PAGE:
REITs Expand Beyond Real Estate
By: Michael Reyen, associate; Sujata Yalamanchili, partner; and Nicholas Pusateri, law clerk, Hodgson Russ LLP
Two recent decisions by the Internal Revenue Service and new regulations proposed by the IRS and the U.S. Treasury Department are generating much buzz within the real estate industry.
The first decision allows document storage and shredding company Iron Mountain Inc. to restructure as a real estate investment trust (REIT). The second allows telecom company Windstream Holdings Inc. to reclassify most of its copper and fiber-optic lines as real estate to be transferred to a REIT. These decisions enable each company to realize material tax savings under the real estate investment trust provisions of the Internal Revenue Code. On the surface, a document storage company and a telecom firm may not fall into most people’s idea of “real property.” Yet the rulings are in line with the IRS’s revised and expanded definition of real property within the proposed new REIT regulations.
The new regulations represent a significant change to the current statutory definition of real property as it applies to REITs. To qualify as a REIT, among other things, an entity must generate at least 75 percent of its income from real property assets, either income-producing real property or interest from mortgages secured by real property assets. A REIT generally is not subject to federal income tax if it distributes at least 90 percent of its income to shareholders. Although the shareholder pays tax on this income, the REIT avoids the double taxation typically imposed on C corporations and their shareholders.
The proposed regulations expand the definition of real property applicable to REITs by removing what was essentially a one-paragraph definition of real property and replacing it with a considerably expanded definition. The proposed regulations clarify that, in addition to land, the following items also are considered real property:
- Air rights and water rights.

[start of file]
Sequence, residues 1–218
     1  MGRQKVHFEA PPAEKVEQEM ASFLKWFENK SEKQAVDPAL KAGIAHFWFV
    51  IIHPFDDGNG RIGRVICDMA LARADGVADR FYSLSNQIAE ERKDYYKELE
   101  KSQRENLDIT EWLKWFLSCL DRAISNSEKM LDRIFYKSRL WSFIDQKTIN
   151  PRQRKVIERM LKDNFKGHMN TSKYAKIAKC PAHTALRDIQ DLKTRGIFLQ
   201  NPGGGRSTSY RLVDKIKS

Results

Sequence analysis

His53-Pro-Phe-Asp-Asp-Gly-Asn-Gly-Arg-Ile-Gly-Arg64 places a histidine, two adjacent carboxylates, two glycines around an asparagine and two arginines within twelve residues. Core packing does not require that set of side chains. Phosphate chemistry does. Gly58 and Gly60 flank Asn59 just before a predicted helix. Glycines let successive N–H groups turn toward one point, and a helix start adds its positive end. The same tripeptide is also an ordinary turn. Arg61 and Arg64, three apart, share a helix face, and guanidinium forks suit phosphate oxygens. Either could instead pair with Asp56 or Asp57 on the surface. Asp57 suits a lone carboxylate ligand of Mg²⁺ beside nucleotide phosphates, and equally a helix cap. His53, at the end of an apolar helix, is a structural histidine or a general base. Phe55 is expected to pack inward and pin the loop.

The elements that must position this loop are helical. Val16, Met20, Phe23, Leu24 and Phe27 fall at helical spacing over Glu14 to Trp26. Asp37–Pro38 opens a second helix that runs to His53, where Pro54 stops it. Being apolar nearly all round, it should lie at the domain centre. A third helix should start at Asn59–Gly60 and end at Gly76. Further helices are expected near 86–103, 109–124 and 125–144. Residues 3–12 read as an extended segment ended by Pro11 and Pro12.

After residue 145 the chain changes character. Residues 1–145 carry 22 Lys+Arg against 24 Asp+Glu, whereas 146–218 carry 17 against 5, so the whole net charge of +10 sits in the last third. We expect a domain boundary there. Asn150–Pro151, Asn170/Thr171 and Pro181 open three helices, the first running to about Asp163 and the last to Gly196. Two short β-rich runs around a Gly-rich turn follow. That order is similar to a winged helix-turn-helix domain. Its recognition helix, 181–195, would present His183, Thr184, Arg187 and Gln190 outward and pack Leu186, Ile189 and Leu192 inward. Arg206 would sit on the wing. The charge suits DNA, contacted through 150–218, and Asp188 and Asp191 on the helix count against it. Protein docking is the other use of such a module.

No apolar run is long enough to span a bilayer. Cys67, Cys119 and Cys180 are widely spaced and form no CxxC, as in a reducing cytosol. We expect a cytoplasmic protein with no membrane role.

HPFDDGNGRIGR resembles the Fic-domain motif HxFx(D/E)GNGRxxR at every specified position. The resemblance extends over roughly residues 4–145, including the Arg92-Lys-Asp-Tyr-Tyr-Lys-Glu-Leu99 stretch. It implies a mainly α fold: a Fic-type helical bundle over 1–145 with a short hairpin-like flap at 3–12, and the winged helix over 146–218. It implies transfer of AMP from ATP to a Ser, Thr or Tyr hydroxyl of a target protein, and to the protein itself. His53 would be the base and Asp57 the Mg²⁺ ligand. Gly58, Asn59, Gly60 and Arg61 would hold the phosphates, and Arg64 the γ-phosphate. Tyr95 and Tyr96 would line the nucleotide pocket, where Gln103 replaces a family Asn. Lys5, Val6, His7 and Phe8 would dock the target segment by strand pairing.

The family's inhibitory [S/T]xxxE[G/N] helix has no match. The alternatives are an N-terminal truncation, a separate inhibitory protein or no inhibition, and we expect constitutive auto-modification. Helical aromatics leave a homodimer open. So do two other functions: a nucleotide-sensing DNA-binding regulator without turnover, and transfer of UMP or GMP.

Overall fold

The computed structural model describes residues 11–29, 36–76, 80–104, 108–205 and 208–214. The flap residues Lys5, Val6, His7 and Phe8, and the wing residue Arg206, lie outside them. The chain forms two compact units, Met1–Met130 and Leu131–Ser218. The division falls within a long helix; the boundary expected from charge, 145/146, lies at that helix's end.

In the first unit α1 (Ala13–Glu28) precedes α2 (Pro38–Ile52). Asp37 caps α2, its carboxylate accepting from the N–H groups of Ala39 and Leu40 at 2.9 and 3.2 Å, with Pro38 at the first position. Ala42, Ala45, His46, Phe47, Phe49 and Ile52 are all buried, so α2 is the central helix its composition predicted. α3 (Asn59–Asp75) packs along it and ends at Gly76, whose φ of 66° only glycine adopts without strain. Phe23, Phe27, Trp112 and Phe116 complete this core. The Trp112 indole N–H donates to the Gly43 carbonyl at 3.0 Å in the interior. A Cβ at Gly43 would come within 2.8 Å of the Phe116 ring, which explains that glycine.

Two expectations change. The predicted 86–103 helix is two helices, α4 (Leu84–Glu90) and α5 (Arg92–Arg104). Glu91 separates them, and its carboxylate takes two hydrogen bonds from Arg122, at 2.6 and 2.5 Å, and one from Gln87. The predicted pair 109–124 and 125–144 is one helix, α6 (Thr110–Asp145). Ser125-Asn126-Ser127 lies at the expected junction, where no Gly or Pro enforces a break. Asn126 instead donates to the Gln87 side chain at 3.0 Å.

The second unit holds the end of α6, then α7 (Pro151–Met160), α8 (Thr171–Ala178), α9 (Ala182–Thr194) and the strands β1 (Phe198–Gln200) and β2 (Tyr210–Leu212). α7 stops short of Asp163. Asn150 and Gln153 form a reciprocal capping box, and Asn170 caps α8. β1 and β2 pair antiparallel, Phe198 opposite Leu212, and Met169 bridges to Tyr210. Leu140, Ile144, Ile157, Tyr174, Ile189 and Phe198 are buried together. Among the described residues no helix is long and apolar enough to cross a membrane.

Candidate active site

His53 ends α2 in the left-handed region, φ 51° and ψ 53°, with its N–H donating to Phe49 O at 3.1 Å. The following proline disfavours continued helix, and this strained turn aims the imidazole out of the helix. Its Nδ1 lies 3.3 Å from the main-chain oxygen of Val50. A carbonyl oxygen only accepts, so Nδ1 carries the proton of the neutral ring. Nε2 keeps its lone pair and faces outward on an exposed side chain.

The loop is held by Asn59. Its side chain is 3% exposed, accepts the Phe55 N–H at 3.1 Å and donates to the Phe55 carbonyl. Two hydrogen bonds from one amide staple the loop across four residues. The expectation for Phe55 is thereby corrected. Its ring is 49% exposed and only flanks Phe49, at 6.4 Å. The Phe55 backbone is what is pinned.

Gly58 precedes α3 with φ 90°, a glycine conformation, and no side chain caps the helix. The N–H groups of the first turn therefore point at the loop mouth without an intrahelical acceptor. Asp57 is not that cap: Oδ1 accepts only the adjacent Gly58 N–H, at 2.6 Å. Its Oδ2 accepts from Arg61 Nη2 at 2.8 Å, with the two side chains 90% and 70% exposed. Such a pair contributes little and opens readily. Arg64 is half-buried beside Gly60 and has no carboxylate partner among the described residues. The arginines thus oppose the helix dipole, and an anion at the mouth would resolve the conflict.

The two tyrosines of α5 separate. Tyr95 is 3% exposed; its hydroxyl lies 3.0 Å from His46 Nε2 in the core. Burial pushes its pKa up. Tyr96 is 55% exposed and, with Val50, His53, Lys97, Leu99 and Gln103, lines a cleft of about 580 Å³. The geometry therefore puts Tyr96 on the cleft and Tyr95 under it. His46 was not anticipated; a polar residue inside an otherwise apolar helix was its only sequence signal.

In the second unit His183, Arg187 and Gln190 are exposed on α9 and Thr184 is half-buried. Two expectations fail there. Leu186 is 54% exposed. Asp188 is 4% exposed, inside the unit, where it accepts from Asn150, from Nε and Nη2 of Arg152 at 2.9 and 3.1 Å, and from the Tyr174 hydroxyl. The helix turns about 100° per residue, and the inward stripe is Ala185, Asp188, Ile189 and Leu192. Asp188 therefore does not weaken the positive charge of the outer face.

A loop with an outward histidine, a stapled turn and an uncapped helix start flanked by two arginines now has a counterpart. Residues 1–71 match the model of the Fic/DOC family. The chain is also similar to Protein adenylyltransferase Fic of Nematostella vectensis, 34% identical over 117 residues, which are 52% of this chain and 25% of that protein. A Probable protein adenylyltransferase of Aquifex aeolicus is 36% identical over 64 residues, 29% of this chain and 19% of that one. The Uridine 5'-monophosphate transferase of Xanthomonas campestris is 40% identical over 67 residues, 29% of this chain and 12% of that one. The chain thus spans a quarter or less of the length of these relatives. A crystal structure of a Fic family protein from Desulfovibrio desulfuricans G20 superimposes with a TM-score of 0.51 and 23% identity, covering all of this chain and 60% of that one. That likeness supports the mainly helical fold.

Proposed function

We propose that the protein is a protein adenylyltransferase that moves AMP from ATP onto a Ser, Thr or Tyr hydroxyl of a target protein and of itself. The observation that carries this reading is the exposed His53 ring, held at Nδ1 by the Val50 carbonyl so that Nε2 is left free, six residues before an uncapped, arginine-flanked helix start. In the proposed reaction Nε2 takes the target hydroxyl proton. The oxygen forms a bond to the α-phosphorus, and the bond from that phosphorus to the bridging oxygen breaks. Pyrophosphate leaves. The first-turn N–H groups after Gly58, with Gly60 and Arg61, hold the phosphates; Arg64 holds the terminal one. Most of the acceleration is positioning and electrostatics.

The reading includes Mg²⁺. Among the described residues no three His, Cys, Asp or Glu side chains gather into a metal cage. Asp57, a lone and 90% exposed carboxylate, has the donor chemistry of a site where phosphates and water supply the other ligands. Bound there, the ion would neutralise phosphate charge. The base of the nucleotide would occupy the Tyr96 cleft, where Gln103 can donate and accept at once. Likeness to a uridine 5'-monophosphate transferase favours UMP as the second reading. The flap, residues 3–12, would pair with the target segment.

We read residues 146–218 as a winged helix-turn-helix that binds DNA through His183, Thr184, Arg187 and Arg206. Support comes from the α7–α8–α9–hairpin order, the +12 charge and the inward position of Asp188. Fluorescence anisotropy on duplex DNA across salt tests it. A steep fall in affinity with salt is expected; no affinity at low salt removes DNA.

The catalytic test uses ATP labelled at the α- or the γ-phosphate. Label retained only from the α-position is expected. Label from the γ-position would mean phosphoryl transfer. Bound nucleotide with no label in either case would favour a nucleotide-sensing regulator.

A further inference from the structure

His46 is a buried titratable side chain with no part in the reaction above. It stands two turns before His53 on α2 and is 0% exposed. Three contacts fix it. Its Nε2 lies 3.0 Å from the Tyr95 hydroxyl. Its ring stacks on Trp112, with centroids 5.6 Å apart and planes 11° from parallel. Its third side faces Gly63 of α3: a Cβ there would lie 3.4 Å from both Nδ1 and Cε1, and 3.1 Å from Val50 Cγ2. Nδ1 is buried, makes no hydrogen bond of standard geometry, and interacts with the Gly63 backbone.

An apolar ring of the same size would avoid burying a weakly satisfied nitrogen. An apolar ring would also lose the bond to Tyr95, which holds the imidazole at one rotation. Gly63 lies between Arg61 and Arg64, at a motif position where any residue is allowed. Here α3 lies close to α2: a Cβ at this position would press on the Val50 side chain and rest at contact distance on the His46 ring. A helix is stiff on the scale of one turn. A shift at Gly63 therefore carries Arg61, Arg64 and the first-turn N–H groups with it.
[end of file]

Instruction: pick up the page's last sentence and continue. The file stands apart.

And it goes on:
- Unharvested crops.
- Inherently permanent structures (those that have a passive rather than an active purpose and that are “permanently affixed” to the land or so heavy that they cannot be moved).
- Structural components (that is, distinct assets that are an essential part of an inherently permanent structure and that do not produce or contribute to the production of income, other than for use or occupancy).
The proposed regulations provide specific examples of assets that qualify as real property. The specific qualifying asset types set forth in the regulations may benefit telecom, utility, energy, logistics, infrastructure, storage and advertising companies. Some of the more noteworthy examples of qualifying assets include the following:
- A cold storage warehouse, including its built-in freezer walls and central refrigeration units.
- A data center and its customized leased space, including the electrical power, central air, redundant utility and integrated security systems.
- A leased solar field, including non-energy producing fixtures such as mounts and exit wires.
- An entire solar energy site, if it is constructed to serve a single office building owned and leased by a REIT.
- Pipeline assets that are not “used in connection with the production of income from the sale and transportation of oil.”
- Intangible assets, such as a land use permit to use land for a cell tower — but not a license to operate a casino, which is not a right to use, enjoy or occupy real property.
The proposed regulations also describe factors that can be used to determine whether an unlisted asset qualifies as real property. For example, the factors for determining whether a structure is inherently permanent include the following:
- The manner in which the asset is affixed to real property.
- Whether the asset is designed to be removed or remain in place indefinitely.
- The damage that would be caused by its removal.
- Any circumstances that suggest the expected period of affixation is not indefinite.
- The time and expense required to move the asset.
Under the proposed regulations, the qualification of assets as real property is highly dependent upon the individual facts and circumstances of each company’s assets. Nevertheless, the expanded guidance and the recent trend of non-real estate companies reclassifying assets into REITs are likely to encourage increasing numbers of companies to take advantage of the tax savings available to REITs and to encourage both conversions and investment in new, less traditional real property assets.